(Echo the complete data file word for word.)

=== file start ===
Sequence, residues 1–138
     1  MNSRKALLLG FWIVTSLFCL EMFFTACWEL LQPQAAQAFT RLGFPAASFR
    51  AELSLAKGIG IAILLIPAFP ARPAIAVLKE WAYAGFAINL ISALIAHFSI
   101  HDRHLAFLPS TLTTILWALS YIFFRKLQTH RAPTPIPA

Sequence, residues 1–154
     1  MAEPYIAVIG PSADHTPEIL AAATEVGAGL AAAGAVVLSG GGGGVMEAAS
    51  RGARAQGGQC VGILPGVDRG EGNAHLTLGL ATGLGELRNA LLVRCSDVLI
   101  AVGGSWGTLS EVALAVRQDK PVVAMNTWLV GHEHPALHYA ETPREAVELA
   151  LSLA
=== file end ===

Sequence, residues 1–138
     1  MNSRKALLLG FWIVTSLFCL EMFFTACWEL LQPQAAQAFT RLGFPAASFR
    51  AELSLAKGIG IAILLIPAFP ARPAIAVLKE WAYAGFAINL ISALIAHFSI
   101  HDRHLAFLPS TLTTILWALS YIFFRKLQTH RAPTPIPA

Sequence, residues 1–154
     1  MAEPYIAVIG PSADHTPEIL AAATEVGAGL AAAGAVVLSG GGGGVMEAAS
    51  RGARAQGGQC VGILPGVDRG EGNAHLTLGL ATGLGELRNA LLVRCSDVLI
   101  AVGGSWGTLS EVALAVRQDK PVVAMNTWLV GHEHPALHYA ETPREAVELA
   151  LSLA